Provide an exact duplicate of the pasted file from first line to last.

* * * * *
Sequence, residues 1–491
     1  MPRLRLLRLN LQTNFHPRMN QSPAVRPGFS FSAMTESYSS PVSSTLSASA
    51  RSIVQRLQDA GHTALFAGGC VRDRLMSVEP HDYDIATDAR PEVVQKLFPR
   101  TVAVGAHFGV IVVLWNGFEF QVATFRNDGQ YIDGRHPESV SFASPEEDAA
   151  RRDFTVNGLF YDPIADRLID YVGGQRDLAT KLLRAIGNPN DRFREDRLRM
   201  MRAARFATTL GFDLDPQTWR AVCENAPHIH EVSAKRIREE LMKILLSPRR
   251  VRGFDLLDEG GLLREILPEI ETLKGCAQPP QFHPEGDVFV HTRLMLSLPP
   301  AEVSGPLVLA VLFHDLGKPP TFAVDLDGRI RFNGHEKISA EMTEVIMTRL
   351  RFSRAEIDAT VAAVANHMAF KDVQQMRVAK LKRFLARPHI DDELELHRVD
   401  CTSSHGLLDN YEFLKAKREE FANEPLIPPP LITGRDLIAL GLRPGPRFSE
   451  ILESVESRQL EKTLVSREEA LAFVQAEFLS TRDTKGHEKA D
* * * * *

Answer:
Sequence, residues 1–491
     1  MPRLRLLRLN LQTNFHPRMN QSPAVRPGFS FSAMTESYSS PVSSTLSASA
    51  RSIVQRLQDA GHTALFAGGC VRDRLMSVEP HDYDIATDAR PEVVQKLFPR
   101  TVAVGAHFGV IVVLWNGFEF QVATFRNDGQ YIDGRHPESV SFASPEEDAA
   151  RRDFTVNGLF YDPIADRLID YVGGQRDLAT KLLRAIGNPN DRFREDRLRM
   201  MRAARFATTL GFDLDPQTWR AVCENAPHIH EVSAKRIREE LMKILLSPRR
   251  VRGFDLLDEG GLLREILPEI ETLKGCAQPP QFHPEGDVFV HTRLMLSLPP
   301  AEVSGPLVLA VLFHDLGKPP TFAVDLDGRI RFNGHEKISA EMTEVIMTRL
   351  RFSRAEIDAT VAAVANHMAF KDVQQMRVAK LKRFLARPHI DDELELHRVD
   401  CTSSHGLLDN YEFLKAKREE FANEPLIPPP LITGRDLIAL GLRPGPRFSE
   451  ILESVESRQL EKTLVSREEA LAFVQAEFLS TRDTKGHEKA D